Although Ontario has robust human rights laws, they are not boundless.
In the workplace, a worker may be able to show discrimination where a workplace requirement or factor results in unequal treatment based on certain protected characteristics. However, there are exceptions and defences that an employer can assert in response.
For example, an employer is required to accommodate a worker only up to a certain point, called undue hardship. Further, Ontario’s Human Rights Code (the Code) states that the rights of a person are not infringed where the discriminatory requirement, qualification, or factor is reasonable and bona fide given the nature of the employment. What does this mean? Read on to find out.
What does “Bona Fide Occupational Requirement” mean?
A bona fide occupational requirement can generally be defined as a standard, rule, or factor that is essential to performing the duties of a particular position.
For example, it may be a bona fide occupational requirement to have the ability to lift a certain amount of weight to work as a construction worker. On its face, such a requirement may be discriminatory against persons with certain disabilities, of a certain age, or based on sex. However, where the employer can demonstrate that the standard is integral to carrying out the duties of the position and that any changes to the standard would create undue hardship, then it may be a legally justifiable standard.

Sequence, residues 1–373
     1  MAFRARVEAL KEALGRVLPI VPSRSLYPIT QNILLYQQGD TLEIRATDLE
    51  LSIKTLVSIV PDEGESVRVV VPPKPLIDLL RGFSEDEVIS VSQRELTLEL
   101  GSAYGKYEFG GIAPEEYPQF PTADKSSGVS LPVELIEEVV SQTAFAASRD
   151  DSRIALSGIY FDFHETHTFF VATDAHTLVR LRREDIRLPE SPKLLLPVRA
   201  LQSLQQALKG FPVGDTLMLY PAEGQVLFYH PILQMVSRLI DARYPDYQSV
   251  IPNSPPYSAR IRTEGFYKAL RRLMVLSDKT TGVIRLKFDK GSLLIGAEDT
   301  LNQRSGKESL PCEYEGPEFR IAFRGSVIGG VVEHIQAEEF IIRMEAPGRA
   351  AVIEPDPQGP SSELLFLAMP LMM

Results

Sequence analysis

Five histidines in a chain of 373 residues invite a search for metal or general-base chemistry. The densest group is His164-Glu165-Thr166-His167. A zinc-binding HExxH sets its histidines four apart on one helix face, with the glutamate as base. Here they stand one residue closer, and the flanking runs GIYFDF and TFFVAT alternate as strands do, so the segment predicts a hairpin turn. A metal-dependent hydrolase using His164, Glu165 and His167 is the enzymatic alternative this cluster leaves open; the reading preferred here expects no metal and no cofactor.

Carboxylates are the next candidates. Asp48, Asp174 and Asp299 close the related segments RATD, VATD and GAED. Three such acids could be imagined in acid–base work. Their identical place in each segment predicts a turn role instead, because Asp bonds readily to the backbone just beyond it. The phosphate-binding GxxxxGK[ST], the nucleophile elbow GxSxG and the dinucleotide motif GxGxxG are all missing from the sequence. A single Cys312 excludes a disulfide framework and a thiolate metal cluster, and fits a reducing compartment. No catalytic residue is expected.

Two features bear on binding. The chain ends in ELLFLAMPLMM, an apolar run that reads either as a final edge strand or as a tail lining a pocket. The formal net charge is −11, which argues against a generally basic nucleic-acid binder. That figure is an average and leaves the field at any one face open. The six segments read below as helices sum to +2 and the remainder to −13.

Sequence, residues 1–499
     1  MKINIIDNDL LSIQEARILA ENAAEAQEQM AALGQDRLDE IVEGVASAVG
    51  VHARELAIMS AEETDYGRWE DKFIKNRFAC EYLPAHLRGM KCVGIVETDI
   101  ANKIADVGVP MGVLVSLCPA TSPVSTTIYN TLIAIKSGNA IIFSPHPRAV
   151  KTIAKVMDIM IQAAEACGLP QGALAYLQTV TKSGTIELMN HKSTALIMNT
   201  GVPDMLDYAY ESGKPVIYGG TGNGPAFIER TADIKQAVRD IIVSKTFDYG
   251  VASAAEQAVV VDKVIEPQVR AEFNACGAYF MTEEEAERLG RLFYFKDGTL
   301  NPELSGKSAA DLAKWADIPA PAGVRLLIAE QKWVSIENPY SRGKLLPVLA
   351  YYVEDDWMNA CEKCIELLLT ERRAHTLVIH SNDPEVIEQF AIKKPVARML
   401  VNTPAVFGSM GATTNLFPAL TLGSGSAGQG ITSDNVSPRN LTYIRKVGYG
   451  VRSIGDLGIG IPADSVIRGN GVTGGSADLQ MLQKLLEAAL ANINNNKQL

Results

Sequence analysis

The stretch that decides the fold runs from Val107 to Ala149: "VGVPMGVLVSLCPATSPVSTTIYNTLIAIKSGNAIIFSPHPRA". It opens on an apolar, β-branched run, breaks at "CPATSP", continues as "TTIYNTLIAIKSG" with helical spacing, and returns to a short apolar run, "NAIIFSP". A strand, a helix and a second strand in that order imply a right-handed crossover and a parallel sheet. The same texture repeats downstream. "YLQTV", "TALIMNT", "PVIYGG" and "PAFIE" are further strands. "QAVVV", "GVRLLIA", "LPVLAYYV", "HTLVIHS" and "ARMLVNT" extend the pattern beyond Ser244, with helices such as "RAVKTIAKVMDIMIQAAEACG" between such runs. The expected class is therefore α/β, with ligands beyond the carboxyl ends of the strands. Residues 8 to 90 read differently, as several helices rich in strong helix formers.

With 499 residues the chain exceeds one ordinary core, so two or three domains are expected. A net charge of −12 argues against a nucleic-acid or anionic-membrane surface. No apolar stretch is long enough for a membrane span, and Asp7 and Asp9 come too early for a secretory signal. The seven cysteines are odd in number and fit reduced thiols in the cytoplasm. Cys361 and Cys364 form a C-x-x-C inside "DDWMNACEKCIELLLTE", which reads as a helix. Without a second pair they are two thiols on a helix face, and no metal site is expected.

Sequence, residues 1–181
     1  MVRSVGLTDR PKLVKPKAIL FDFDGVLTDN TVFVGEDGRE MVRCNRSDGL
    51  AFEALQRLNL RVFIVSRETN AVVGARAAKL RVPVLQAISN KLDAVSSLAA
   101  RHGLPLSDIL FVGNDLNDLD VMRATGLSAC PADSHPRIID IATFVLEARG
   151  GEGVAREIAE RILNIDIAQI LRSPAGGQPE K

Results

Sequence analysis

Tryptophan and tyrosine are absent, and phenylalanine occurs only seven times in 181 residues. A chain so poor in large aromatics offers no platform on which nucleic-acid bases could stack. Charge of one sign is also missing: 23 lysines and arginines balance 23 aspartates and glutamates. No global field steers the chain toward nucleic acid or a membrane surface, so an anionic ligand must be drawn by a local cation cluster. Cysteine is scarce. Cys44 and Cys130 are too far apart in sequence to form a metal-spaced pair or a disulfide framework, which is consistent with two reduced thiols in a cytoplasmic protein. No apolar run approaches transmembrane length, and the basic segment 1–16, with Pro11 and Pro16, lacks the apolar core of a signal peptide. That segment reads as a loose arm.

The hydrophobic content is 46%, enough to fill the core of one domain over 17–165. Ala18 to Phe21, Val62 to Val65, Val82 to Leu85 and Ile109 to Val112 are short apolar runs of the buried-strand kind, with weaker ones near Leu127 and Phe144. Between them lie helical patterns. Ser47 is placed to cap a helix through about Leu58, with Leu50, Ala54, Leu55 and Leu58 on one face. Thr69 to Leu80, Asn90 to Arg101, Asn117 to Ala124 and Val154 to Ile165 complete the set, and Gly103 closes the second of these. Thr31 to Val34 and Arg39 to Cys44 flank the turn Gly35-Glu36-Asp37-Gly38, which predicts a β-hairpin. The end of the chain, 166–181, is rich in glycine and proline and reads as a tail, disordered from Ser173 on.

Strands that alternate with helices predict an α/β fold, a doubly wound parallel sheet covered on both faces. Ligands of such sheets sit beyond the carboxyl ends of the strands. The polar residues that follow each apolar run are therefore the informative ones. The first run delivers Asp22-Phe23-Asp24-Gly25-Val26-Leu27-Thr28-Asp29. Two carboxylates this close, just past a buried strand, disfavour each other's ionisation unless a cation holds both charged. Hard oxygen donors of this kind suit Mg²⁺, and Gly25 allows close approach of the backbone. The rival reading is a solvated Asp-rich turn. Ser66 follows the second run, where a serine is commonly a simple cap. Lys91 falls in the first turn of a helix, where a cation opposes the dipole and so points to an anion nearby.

At what stage does a bona fide occupational requirement argument come up during a human rights case?
When alleging discrimination, a worker must show, on a balance of probabilities, that they experienced discrimination. That is, a worker must show that s/he experienced an adverse impact which is connected to a protected characteristic. This is called prima facie discrimination.
Once the worker establishes that it is more likely than not that s/he experienced discrimination, the burden shifts to the employer to justify their conduct, based on exemptions found in the Code.
Since a bona fide occupational requirement is a defence under the Code, an analysis of whether a requirement is reasonable and bona fide is conducted after the employee has made out a prima facie case of discrimination. This analysis includes determining whether it would be possible to accommodate the worker without causing undue hardship.
How do you determine if a rule or requirement is valid?
In a seminal case, the Supreme Court of Canada outlined a three-step test to determine whether a prima facie discriminatory rule or standard may be justified as a bona fide occupational requirement. The employer must establish that:
- it adopted the standard for a purpose that is rationally connected to the performance of the job;
- it adopted the particular standard in an honest and good faith belief that it was necessary to the fulfilment of that legitimate work-related purpose; and
- that the standard is reasonably necessary to accomplish that legitimate work-related purpose.